Housing prices in Norway have risen 6.6 percent since July 2009, given average sales contracts last month, and that’s without speculators boosting the market.
Figures from the national real estate brokers association Eiendomsmeglerforetakenes Forening indicate that prices dipped 1.5 percent from June to July, but rose at roughly three times the inflation rate year-on-year.
A price decline is common in Norway in July, when most Norwegians take summer holidays and the market slows down. Homebuilder OBOS, for example, said July sales were half those in June, while square-meter prices rose slightly to an average NOK 35,571. That’s up 5.9 percent since January.
Owner-occupants on the rise
Brokers also report that buyers are now mostly people who actually intend to live in the properties under negotiation, and not speculators hoping for quick profits on resale.
“The general price development shows that we have a market that functions like a real housing market, and to a lesser degree as a short-term, speculative market,” Terje Buraas, chairman of the brokers’ group, told newspaper Aftenposten. “People are buying a home to live in, not just to invest in.”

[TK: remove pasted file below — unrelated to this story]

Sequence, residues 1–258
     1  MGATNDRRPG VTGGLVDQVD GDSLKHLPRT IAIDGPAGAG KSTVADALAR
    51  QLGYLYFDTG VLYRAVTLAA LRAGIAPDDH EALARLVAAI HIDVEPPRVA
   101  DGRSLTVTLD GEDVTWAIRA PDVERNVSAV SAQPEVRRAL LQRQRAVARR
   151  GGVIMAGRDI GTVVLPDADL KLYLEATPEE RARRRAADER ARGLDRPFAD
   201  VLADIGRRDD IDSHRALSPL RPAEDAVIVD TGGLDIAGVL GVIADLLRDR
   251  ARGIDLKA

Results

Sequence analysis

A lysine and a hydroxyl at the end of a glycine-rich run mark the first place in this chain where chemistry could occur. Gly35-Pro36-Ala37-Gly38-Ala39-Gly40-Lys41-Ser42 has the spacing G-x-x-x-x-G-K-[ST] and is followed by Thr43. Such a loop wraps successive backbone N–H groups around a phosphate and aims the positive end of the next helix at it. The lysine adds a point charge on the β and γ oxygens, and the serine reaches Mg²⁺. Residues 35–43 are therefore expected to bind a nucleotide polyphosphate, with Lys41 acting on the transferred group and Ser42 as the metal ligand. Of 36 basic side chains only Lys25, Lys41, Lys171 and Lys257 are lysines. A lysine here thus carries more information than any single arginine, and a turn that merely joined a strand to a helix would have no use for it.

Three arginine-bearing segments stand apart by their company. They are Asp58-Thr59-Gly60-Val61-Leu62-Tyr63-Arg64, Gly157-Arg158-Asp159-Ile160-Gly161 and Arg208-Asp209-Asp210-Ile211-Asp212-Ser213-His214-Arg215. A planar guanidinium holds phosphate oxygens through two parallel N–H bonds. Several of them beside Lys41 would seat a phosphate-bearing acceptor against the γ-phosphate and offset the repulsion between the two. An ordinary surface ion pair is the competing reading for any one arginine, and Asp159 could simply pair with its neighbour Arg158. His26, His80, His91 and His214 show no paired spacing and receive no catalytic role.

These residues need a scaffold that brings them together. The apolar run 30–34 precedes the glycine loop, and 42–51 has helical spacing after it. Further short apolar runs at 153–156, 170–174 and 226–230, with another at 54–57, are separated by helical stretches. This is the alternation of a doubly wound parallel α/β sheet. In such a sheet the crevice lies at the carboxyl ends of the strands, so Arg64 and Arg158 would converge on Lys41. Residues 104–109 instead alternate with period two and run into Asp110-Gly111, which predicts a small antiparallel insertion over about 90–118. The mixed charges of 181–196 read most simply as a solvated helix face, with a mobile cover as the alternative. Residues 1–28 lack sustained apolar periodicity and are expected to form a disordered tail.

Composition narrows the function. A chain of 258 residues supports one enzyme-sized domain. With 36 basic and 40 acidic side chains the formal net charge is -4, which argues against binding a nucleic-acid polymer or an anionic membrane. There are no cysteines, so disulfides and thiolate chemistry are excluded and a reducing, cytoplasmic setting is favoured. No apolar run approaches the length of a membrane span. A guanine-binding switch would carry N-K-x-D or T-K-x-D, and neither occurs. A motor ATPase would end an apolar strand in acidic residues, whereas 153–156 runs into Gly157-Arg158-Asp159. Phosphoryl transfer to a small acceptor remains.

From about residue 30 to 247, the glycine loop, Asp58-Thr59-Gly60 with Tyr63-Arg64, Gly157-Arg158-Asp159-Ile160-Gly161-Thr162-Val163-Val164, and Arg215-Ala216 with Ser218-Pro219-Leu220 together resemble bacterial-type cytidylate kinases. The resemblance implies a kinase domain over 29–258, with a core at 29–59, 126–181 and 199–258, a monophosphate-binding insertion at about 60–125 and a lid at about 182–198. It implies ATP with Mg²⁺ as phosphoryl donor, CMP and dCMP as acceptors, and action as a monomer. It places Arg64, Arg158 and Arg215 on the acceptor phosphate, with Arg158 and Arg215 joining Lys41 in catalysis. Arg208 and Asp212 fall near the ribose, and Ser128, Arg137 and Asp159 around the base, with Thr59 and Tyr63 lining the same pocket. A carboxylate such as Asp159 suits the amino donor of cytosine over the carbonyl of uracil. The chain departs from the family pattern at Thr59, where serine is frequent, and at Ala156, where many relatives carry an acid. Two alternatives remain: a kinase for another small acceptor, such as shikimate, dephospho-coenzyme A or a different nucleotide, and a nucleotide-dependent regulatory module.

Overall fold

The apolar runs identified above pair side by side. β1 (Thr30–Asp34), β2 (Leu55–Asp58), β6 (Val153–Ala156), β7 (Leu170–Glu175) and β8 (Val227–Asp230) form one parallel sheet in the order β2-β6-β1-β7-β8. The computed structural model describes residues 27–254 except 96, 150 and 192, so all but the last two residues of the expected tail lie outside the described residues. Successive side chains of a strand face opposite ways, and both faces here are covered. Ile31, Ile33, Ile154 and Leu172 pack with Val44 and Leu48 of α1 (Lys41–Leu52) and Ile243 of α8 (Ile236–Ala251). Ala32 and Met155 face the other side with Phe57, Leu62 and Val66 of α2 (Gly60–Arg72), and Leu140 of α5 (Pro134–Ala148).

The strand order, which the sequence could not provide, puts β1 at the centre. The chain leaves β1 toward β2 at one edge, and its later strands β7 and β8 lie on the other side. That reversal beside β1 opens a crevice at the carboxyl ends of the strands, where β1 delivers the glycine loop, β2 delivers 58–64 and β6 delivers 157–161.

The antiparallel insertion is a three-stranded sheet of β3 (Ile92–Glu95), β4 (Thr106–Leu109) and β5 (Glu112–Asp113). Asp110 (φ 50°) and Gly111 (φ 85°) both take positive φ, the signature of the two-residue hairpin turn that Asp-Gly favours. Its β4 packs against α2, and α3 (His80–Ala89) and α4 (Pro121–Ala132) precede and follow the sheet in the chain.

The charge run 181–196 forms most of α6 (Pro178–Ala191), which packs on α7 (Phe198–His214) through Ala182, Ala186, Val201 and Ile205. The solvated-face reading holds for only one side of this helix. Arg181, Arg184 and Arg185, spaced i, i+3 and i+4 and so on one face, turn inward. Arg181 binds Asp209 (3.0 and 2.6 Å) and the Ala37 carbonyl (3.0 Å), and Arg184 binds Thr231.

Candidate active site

Properties in Stavanger and Oslo are among the most expensive, while those in Bergen and Trondheim sold most quickly, at an average 25 days from advertising to sale. Nationwide, the average sales time was around 30 days.
New help from home
Newspaper Dagens Næringsliv (DN) reported that more parents are helping their children buy homes. Young Norwegians are generally considered independent from the age of 18 and don’t traditionally rely on parental support, or want to, either for their college educations or their first homes. But loans have become harder to get and many young, first-time homebuyers are having to borrow from their parents, have them co-sign the loan or even accept cash gifts.
Brokers told DN they’re seeing more parents coming along on property showings. “We’re hearing a lot of ‘Mama, what do you think of this?’ and ‘Papa, do you also think this is nice?'” broker Anne Aartun told DN, which called the parental participation a new “phenomenon” in Norway but mostly limited to the higher-income areas in west Oslo and downtown.